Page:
"Wall to Wall Band" is another traditional drill performed annually by Longhorn Band. The drum line starts in the end zone while the band is off on each of the sidelines curled into spirals. The drum line marches onto the field, playing a cadence while the band usually jumps up and down over on the sides. After the drum line reaches their starting position, the Drum Major calls the band to attention, followed by another cadence that brings the band onto the field. The spirals are unrolled and the band marches straight down the yard lines and form into fronts. A roll off ensues, and "March Grandioso" begins. Every six counts, parts of fronts step off, marching in a six-to-five step, and form less dense fronts that still span the width of the field. Halfway through "March Grandioso," the band halts for 4 counts of silence, followed by a proclamation to beat the hell out of Texas' opponent. The band then continues down the field playing the rest of "March Grandioso" and transitioning straight into "March of the Longhorns." Once a front reaches the opposite end zone, a counter-march is performed to bring the band back the way it came. Before the counter-march, the Longhorn band covers the entire football field, putting meaning to the name Wall-to-Wall band. At the trio of "March of the Longhorns," the band contracts into larger fronts that span the width of the football field, then condense into smaller ones that span a little more than the distance between the hashes. At the end of "March of the Longhorns," Wall-to-Wall Band is officially finished, though it is typically followed by Shotgun Texas, in which several condensed fronts quickly shift to spell "TEXAS" in block letters. To start Shotgun Texas, another roll off starts and the band goes straight into "Texas Fight." After the Intro of "Texas Fight," the band spells out each letter of "TEXAS," leaving the fronts every 8 counts of "Texas Fight." In 2007, a twist was added to Shotgun Texas where, during the Interlude of "Texas Fight," the Longhorn band flipped the "Texas" from its traditionally facing west direction to spell it to the east side for the student section of the stadium. After the Interlude, the band marches off the field, concluding Shotgun Texas.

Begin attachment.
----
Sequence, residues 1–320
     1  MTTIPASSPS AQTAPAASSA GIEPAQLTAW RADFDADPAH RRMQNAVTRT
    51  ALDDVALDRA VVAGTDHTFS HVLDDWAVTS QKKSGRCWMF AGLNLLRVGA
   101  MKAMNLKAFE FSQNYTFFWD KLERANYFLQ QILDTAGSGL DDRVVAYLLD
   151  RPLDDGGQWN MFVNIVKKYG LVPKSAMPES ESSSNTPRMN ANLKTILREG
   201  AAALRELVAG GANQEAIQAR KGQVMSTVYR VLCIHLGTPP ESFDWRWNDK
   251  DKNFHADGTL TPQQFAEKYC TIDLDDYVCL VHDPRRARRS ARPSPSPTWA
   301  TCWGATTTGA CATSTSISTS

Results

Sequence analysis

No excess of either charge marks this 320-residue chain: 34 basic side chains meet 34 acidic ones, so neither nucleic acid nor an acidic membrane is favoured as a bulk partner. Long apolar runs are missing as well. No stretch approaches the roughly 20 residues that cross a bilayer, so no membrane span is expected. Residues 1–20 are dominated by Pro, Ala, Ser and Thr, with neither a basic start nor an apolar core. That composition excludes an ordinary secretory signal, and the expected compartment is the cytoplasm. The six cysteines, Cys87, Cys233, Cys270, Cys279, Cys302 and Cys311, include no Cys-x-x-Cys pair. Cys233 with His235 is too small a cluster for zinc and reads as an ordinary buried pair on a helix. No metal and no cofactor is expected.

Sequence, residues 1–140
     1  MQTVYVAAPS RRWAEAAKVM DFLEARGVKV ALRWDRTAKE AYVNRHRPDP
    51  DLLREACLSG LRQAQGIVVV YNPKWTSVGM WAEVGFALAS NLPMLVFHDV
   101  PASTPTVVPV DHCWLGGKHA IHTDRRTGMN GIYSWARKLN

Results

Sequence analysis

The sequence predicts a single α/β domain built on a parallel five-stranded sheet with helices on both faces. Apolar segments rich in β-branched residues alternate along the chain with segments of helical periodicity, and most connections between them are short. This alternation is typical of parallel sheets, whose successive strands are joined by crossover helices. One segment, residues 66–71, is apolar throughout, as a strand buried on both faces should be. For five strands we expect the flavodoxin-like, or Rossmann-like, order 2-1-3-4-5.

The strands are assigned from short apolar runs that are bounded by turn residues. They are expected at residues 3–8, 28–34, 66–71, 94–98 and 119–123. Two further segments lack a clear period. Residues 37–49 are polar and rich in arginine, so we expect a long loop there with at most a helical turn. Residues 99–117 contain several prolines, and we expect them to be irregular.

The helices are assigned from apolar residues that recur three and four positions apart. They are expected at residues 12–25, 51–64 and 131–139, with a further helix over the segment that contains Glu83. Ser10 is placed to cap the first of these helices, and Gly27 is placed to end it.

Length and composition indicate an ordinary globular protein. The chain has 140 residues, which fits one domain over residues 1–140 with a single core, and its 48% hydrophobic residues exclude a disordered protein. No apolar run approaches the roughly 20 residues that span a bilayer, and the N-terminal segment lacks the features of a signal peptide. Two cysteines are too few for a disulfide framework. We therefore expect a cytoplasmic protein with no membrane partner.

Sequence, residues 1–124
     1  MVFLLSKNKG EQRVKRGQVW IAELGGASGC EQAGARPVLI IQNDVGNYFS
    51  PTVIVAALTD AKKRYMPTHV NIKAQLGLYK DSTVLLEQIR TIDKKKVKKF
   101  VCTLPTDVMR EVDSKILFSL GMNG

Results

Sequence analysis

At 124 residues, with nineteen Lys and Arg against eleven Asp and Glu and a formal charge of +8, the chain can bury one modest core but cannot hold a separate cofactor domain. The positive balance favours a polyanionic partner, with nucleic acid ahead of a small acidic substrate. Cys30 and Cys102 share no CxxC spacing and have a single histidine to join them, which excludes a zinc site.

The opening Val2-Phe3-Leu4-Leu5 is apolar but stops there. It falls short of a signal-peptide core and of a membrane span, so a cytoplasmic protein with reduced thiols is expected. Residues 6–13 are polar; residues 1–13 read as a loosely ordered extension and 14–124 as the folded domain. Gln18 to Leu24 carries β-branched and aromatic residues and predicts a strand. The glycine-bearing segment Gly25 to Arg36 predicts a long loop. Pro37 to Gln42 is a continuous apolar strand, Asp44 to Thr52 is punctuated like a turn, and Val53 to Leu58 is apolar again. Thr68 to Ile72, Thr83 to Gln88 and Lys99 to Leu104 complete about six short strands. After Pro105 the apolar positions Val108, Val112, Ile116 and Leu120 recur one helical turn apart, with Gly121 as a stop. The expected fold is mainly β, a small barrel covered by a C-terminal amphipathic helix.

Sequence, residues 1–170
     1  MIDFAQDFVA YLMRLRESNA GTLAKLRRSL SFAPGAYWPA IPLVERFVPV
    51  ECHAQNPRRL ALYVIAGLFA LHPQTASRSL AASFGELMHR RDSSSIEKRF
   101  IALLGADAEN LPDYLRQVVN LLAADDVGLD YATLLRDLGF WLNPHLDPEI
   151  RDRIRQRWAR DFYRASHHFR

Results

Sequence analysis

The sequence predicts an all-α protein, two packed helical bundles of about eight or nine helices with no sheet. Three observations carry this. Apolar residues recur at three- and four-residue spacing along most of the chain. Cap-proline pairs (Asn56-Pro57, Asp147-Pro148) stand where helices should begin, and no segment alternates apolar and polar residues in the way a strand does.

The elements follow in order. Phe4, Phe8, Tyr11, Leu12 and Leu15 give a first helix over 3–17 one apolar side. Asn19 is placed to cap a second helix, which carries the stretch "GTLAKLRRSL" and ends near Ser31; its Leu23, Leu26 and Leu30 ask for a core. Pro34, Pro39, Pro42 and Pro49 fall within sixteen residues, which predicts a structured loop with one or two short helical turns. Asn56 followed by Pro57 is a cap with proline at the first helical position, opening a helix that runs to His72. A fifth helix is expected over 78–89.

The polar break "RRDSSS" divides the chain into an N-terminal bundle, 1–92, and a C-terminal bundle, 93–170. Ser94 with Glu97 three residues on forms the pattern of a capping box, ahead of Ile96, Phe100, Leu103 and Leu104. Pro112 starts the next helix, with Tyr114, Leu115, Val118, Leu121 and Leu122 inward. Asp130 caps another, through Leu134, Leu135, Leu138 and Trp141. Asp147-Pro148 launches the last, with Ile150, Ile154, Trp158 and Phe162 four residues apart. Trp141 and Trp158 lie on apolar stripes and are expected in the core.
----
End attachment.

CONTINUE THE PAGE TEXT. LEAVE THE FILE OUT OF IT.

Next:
The Longhorn Band performing their pregame show at the 2006 Texas A&M game